Her death, presumably suicide, is off stage.

So, the ups and downs of the hero are traced in detail.  But for his wife, the decline is hardly shown on the stage. 

This playwright is not the one to accuse of sloppy construction.  The focus in on the hero, and his fall is triggered by two interventions.  One is the supernatural – the witches.  The other is the goading of his wife.  The later supernatural event – Banquo’s ghost – is hardly needed to lock in the descent of the hero.

This play comes after Hamlet.  That hero was asked to commit murder.  He paused – for about the length of the play.  Macbeth paused too – but he overcame his misgivings with the help of his wife.  He had absorbed the teaching that conscience does make cowards of us all.

Neither Macbeth nor his wife appreciated the dilemma of those seizing power by violence.  How do you stop someone doing the same to you?  You just keep going.  You must.

The comparison with Hamlet is one way of looking at the play.  The other is the comparison between the hero and his wife.  Both seek to neutralise – or sterilise – their consciences, to stop the access to remorse.  Lady Macbeth does so in hair raising terms.  But while Macbeth succeeds, to the point where he could he lead an SS Death’s Head Aktion, his wife utterly fails.  She simply is not up to it.

If you look at the summary above, you can see the occasions where the tide is changing.  In Act 2.2, the wife is staggered by her husband’s collapse.  She tries to tell him not to reflect so deeply – and even says they may go mad.  The delivery of these lines by Harriet Walter on the Argosy set is magical.  This young Scots woman has a fearful premonition that she is out of her depth.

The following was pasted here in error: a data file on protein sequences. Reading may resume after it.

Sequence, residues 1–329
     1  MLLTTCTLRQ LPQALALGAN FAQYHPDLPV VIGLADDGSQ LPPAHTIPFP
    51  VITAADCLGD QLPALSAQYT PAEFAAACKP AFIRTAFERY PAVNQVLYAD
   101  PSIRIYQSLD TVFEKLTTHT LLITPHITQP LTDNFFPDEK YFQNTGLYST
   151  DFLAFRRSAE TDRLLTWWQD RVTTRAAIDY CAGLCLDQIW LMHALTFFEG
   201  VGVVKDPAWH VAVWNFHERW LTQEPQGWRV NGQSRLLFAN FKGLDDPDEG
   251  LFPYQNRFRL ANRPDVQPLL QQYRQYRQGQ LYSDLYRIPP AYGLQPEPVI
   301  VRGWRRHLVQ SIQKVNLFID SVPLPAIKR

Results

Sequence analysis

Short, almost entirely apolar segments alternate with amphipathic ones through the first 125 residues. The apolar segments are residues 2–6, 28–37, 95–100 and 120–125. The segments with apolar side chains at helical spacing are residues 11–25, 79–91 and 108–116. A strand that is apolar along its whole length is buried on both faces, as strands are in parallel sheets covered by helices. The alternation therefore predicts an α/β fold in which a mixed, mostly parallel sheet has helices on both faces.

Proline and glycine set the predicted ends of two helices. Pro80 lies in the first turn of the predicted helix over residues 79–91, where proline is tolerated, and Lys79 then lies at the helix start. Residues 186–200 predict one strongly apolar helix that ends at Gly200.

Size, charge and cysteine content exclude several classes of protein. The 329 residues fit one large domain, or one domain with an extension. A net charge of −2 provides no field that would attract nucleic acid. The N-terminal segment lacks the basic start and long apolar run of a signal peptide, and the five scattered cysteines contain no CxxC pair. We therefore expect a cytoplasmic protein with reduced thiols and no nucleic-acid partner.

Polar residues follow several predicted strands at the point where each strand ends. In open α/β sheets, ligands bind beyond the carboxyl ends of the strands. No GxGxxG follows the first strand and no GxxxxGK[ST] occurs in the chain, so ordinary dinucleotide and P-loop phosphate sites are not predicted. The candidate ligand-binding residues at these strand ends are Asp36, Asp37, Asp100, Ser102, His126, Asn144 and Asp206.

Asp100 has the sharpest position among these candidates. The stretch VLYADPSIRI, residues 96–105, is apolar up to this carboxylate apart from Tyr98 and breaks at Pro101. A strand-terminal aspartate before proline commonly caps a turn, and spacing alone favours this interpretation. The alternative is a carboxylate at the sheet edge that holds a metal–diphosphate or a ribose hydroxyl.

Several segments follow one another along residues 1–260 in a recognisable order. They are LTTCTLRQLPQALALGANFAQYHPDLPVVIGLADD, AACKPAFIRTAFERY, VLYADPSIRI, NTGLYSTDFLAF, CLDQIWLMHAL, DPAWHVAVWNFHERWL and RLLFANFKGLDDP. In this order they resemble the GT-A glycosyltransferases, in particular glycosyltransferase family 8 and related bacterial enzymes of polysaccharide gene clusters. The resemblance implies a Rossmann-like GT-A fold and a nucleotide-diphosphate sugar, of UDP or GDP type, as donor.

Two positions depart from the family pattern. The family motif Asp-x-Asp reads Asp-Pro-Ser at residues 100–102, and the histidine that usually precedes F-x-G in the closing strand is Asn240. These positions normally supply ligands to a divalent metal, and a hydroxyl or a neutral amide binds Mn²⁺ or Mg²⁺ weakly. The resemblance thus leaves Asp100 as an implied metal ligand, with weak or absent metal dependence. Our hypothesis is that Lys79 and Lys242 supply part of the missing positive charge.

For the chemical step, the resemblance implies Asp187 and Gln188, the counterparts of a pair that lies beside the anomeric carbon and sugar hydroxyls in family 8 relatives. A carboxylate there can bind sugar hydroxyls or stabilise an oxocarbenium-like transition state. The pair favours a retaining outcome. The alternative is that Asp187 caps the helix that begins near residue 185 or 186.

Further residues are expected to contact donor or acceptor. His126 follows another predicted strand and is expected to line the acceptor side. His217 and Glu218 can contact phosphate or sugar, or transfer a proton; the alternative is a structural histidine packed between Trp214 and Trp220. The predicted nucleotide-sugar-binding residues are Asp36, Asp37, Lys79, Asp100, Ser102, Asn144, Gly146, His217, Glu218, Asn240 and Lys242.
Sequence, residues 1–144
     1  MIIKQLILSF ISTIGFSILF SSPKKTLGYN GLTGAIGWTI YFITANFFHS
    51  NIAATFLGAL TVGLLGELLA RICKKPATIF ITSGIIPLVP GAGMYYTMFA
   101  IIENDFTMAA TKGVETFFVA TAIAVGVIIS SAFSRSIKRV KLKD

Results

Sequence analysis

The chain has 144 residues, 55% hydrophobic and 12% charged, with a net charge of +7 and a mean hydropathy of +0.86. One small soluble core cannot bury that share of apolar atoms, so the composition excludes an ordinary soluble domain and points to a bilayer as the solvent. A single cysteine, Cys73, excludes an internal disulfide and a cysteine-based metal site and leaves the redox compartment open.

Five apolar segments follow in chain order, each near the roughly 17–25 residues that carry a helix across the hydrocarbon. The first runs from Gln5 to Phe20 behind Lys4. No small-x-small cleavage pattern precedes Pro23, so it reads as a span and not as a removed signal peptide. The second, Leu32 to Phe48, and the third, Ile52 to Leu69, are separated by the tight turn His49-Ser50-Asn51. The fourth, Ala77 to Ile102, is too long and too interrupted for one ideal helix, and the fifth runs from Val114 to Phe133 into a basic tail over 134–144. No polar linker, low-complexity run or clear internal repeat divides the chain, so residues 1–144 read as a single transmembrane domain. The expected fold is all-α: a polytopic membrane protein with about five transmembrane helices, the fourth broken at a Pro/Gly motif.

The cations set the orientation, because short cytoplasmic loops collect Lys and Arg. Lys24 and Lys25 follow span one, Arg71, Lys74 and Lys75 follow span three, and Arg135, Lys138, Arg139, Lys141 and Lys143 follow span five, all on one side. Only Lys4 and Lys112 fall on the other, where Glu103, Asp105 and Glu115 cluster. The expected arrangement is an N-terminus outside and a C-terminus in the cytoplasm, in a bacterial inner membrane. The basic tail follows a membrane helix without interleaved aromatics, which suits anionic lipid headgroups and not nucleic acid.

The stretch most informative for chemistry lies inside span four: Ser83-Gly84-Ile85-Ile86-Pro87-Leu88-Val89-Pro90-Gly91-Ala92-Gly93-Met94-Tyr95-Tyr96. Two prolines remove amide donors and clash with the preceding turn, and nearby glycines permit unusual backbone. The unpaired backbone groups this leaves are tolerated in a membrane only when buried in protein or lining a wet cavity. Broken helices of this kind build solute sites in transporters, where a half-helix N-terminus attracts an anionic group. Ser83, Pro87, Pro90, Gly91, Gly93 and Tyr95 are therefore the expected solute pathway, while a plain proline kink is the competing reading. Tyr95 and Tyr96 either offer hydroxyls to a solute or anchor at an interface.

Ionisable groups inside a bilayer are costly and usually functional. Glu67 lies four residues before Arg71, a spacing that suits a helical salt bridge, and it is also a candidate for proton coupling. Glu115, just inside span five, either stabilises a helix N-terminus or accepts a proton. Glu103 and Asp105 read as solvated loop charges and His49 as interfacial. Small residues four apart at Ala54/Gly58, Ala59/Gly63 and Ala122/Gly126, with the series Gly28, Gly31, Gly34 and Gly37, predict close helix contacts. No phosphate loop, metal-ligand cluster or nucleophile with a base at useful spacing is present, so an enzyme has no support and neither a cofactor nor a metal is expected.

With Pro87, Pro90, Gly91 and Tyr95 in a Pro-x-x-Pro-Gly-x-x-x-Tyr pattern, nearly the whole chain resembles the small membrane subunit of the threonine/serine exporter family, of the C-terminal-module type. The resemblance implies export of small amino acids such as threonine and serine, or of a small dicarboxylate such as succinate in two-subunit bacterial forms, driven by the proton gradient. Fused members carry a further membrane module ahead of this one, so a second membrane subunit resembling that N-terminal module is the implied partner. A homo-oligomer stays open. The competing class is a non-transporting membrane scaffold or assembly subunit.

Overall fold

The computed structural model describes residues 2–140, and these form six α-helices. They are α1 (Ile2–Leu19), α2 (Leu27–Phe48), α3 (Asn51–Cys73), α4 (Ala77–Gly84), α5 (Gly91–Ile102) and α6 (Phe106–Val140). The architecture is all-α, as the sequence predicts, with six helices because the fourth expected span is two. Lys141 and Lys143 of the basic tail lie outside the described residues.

Then in Act 3, she is listless and disillusioned.  The husband takes full command and does not tell her what he is doing.  She may still be there to try to control him when his ‘fit’ comes upon him, but she is no longer in the driver’s seat – or anywhere near it.  It is now he who says ‘Leave it to me.’

The difference in the two trajectories is one focal point in the play.  Another comes from putting your trust – or faith – in the supernatural. 

Macbeth sees that he was sold a pup.

I pull in resolution, and begin

To doubt the equivocation of the fiend

That lies like truth.  (5.5.42-44)

Frank Kermode (the citation comes from Tanner) referred to Christ’s response to Satan in Paradise Regained.

…that hath been thy craft,

By mixing somewhat true to vent more lyes.

But what have been thy answers, what but dark

Ambiguous and with double sense deluding… (1.432-5)

Well, there you have it – advice from the two greatest writers in our language – some, including me, would say in any language – on how to deal with bullshit from people like Donald Trump. Boris Johnson, and Scott Morrison, mountebanks all.

Shakespeare – Macbeth – ambition – literary criticism.